Its most important early promoter was Al Hakim bi-Amrillah, the sixth leader of the Fatimid Caliphate that spanned a large area of North Africa and the Middle East and had its capital in Cairo. After his mysterious disappearance, his followers in Egypt were exterminated.
But they survived in other areas of the Middle East, including in present-day Lebanon and Syria.
In 1044, after a brief period of proselytization, the faith was closed to converts. Early Druze communities were insular and isolated and left historians with few records.
The religious texts have never been widely disseminated, leaving it to the sheiks to educate adherents on the finer points of the faith.
The diaspora began as a trickle and picked up in 1975 with the beginning of Lebanon's 15-year civil war. The country's 2006 war with Israel spurred more to leave, and most recently, many Druze have joined the stream of refugees from Syria's civil war.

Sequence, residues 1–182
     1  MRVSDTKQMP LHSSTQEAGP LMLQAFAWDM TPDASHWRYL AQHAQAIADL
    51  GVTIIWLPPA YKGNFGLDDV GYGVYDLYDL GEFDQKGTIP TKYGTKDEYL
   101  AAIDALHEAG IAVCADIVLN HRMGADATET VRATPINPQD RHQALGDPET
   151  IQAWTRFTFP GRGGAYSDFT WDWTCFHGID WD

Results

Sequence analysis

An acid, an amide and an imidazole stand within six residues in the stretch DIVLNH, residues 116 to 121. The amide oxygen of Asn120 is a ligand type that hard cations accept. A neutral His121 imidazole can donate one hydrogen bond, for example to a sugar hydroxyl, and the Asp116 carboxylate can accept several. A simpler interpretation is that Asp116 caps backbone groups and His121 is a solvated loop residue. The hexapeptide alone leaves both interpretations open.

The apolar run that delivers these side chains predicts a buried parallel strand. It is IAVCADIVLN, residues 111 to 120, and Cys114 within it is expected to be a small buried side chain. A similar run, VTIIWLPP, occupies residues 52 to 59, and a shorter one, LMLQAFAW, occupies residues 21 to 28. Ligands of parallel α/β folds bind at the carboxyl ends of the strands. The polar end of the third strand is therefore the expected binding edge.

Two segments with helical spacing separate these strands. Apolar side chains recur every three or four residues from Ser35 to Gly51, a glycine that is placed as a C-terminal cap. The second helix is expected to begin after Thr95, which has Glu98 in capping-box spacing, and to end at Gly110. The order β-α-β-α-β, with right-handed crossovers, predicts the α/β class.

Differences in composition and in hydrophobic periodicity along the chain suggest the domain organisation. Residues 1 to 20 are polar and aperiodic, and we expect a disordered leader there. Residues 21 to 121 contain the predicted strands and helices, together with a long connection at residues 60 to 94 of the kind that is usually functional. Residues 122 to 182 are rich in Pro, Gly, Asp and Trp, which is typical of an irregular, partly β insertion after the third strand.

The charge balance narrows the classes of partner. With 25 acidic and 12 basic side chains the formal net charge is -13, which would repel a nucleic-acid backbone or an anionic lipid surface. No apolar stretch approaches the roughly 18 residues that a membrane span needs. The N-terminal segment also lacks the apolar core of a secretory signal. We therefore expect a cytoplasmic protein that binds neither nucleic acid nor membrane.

As Druze members have branched out, many have lost touch with the religion, raising existential questions about its future.
"Very few of them have an in-depth understanding of their dogmas," said Chad Kassem Radwan, an anthropologist of Lebanese Druze descent who wrote a doctoral dissertation for the University of South Florida on Druze identity in Lebanon. "How do you preserve your heritage? This is truly the seminal issue of the Druze community."
He and most Druze who care give the same answer: marriage.
Marrying outside the faith is a betrayal that is not easily forgiven.
"Our children always ask me, 'Why do we have to marry a Druze? What if I fall in love with someone not Druze?' " said Anita Dakdouk, who was born into a Lebanese Druze family in Venezuela and now lives in Valencia , where she and her Druze husband run a coffee company. "I tell them, 'Don't think about yourself only, because there is family involved.' "